Eyes Behind the Lines: L Company Rangers in Vietnam, 1969 Audible Audiobook – Unabridged
In mid-December 1968, after recovering from wounds sustained in a murderous mission, Gary Linderer returned to Phu Bai to complete his tour of duty as a LRP. His job was to find the enemy, observe him, or kill him - all the while behind enemy lines, where success could be as dangerous as discovery.
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|Listening Length||11 hours and 13 minutes|
|Author||Gary A. Linderer|
|Whispersync for Voice||Ready|
|Audible.com Release Date||December 10, 2019|
|Best Sellers Rank|| #39,216 in Audible Books & Originals (See Top 100 in Audible Books & Originals) |
#22 in Southeast Asian History
#24 in Vietnam War Biographies (Audible Books & Originals)
#46 in Vietnam War
Top reviews from the United States
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This book is first and foremost easy to follow as the author provides the reader with dates; almost as though this is a journal accounting of daily activities. This, the personal historical accounting of the last half of Mr. Linderer’ tour in RVN flows smoothly, is written well and in particular what I liked about this book was the refreshing honest view of putting his human and unpolished (in grunt format) accounting for his readers. To some level a person who has a military background will find this book easier to read than will a non-military type; however, Mr. Linderer goes to wonderful lengths to understand that his audience may not have a military background – it is here where he places in the most simplest of terms events, acronyms, and other jargon that is common place among the LRP’s.
Personally, I was quite captivated by the terrific description of the rappelling; the description was so well written it seemed choreographed for the written pages within. The humor on pages 154 and 155 stand true to themselves – it was good to read of the occasional laughter amongst the LRP’s as they confronted garbage on a daily basis. By the time Mr. Linderer had passed up on the opportunity to become Second Lieutenant Linderer (as opposed to Sergeant) I was quite happy – I was also exhausted myself in reading the many operations within the pages. Slicks moving everywhere all the time – I felt as though I were “there” in reading the pages. It is apparent when reading this book of the link the Rangers had with one another – leaving RVN life would never be the same of course for these gentlemen who knew Mr. Linderer and Mr. Linderer himself acknowledges this; I believed this to be a most admirable quality in recognizing the pain associated with this sort of Military experiences and combat as a whole. The History of the “Grunt” in all forms continues – to me, it is all interrelated throughout the course of time – regardless of era.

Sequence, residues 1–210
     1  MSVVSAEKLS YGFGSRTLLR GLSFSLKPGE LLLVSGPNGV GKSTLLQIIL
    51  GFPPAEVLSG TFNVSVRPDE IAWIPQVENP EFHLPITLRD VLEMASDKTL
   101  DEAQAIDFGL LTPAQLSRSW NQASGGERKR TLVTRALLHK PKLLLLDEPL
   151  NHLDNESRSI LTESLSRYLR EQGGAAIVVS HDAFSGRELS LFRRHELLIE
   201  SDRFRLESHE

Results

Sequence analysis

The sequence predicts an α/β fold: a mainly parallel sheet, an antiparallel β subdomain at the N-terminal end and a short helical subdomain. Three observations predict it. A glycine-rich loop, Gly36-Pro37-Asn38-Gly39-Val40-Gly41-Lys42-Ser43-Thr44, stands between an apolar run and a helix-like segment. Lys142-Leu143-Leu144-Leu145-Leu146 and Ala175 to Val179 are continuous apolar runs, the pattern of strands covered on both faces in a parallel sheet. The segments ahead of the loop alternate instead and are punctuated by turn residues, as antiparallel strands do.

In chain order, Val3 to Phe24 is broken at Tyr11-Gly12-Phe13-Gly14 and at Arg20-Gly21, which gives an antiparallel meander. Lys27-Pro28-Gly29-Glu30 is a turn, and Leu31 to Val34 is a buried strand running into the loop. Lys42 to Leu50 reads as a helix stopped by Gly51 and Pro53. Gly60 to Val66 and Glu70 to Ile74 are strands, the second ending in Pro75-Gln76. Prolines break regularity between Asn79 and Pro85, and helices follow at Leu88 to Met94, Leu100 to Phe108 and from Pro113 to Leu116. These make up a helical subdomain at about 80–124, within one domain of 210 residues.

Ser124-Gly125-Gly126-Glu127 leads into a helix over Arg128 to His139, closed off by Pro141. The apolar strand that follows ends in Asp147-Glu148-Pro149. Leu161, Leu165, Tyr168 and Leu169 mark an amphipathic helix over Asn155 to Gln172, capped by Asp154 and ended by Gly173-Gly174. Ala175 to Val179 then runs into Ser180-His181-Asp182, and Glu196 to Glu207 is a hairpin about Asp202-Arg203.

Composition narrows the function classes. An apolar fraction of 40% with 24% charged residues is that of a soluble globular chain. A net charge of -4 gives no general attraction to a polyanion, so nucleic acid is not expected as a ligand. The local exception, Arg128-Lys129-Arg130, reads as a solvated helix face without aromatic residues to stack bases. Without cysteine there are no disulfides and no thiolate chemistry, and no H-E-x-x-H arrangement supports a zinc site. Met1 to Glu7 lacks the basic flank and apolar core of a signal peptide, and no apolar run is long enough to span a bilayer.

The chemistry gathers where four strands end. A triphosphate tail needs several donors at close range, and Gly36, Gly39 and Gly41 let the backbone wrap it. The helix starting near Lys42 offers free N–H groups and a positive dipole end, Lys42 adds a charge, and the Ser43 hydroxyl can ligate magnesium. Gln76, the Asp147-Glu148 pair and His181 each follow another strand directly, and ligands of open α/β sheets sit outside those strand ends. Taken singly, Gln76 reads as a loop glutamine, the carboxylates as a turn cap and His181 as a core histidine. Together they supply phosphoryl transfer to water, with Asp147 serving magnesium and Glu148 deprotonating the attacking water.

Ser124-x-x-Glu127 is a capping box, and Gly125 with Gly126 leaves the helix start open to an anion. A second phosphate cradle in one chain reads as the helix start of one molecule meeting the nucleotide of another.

Thank you Vietnam Veterans for your service – I am grateful that you did what you believed at the time you had to do. Welcome Home!
Top reviews from other countries
I must have read about 12 of this style of Vietnam books recently, it all started by me realizing that such good books existed. It is often said that 'He that wields a sword rarely wields a pen' This does not seem to be the case with the American boys of the Vietnam era, there are some excellent books to be read; this one by Gary Linderer is among the best of them. I like his style of writing and his ability to have you right there in the jungle 'looking at the action over his shoulder' I will criticize the author for dwelling a little too much on sentiment and deep personal feelings.He does go on a bit in that respect! As an infantry soldier myself and involved in two of Britain's jungle wars and a desert war, I know there was very little time for that. I would though congratulate Gary on his good descriptive writing of the war in general, also his 'pen pictures' of his comrades are quite superb, I began to feel that I actually knew them. The involvement and tactical use of
helicopters is very well described, so is the feeling of fear of that was felt by crews and passengers alike on arriving or leaving a 'Hot LZ'
The description of 'life after the action' when back home and in the quiet of the night, which brings on the demons is beautifully written and without using too many words to do so, the author's description of these feelings has 'impact'! So much so that it reminded me of my own, and brought a little of it right back to me. A well written book and well deserving of five stars.
It has been a great experience, and has been fascinating to see the same incidents as viewed/interpreted by different men.
I recommend Gary's two books to anyone with an interest in Vietnam, or in military matters in general - he writes in a very human and personal style, which allows the reader to feel involved and immersed, giving an emotional understanding or emotional link which in my experience of war memoirs, is often difficult for a writer to achieve.
I always thought that long range recon troops stayed out for months at a time but this book gives the impression that the para troopers did this.
Also this book gives the impression that the Rangers did not know about American activity in Laos maybe they should read Ravens about the CIA .